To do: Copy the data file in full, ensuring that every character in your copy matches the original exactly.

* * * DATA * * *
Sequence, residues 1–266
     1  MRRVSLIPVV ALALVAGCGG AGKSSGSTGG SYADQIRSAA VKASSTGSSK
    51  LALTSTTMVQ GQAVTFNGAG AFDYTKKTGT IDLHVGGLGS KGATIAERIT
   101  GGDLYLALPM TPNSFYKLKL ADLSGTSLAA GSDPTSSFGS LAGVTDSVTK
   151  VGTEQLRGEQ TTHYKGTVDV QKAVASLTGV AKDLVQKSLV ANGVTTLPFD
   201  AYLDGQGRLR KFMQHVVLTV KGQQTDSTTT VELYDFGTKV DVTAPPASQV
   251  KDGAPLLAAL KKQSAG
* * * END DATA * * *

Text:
Sequence, residues 1–266
     1  MRRVSLIPVV ALALVAGCGG AGKSSGSTGG SYADQIRSAA VKASSTGSSK
    51  LALTSTTMVQ GQAVTFNGAG AFDYTKKTGT IDLHVGGLGS KGATIAERIT
   101  GGDLYLALPM TPNSFYKLKL ADLSGTSLAA GSDPTSSFGS LAGVTDSVTK
   151  VGTEQLRGEQ TTHYKGTVDV QKAVASLTGV AKDLVQKSLV ANGVTTLPFD
   201  AYLDGQGRLR KFMQHVVLTV KGQQTDSTTT VELYDFGTKV DVTAPPASQV
   251  KDGAPLLAAL KKQSAG